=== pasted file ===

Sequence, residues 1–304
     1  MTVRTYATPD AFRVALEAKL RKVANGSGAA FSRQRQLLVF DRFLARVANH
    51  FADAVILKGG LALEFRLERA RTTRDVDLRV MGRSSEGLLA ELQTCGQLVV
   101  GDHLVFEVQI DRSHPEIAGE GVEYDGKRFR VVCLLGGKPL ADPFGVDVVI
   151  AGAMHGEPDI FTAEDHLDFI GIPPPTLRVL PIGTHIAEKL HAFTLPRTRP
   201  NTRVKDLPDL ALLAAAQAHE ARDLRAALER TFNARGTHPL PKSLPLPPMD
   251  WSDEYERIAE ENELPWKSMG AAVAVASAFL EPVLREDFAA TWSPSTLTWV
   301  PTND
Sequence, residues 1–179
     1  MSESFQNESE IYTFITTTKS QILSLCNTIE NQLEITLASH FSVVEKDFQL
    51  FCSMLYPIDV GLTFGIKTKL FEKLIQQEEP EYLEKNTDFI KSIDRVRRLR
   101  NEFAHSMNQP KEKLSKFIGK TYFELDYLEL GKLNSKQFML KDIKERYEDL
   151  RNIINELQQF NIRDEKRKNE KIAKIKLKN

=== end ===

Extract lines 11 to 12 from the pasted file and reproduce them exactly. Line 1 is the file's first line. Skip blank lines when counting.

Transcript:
    51  FCSMLYPIDV GLTFGIKTKL FEKLIQQEEP EYLEKNTDFI KSIDRVRRLR
   101  NEFAHSMNQP KEKLSKFIGK TYFELDYLEL GKLNSKQFML KDIKERYEDL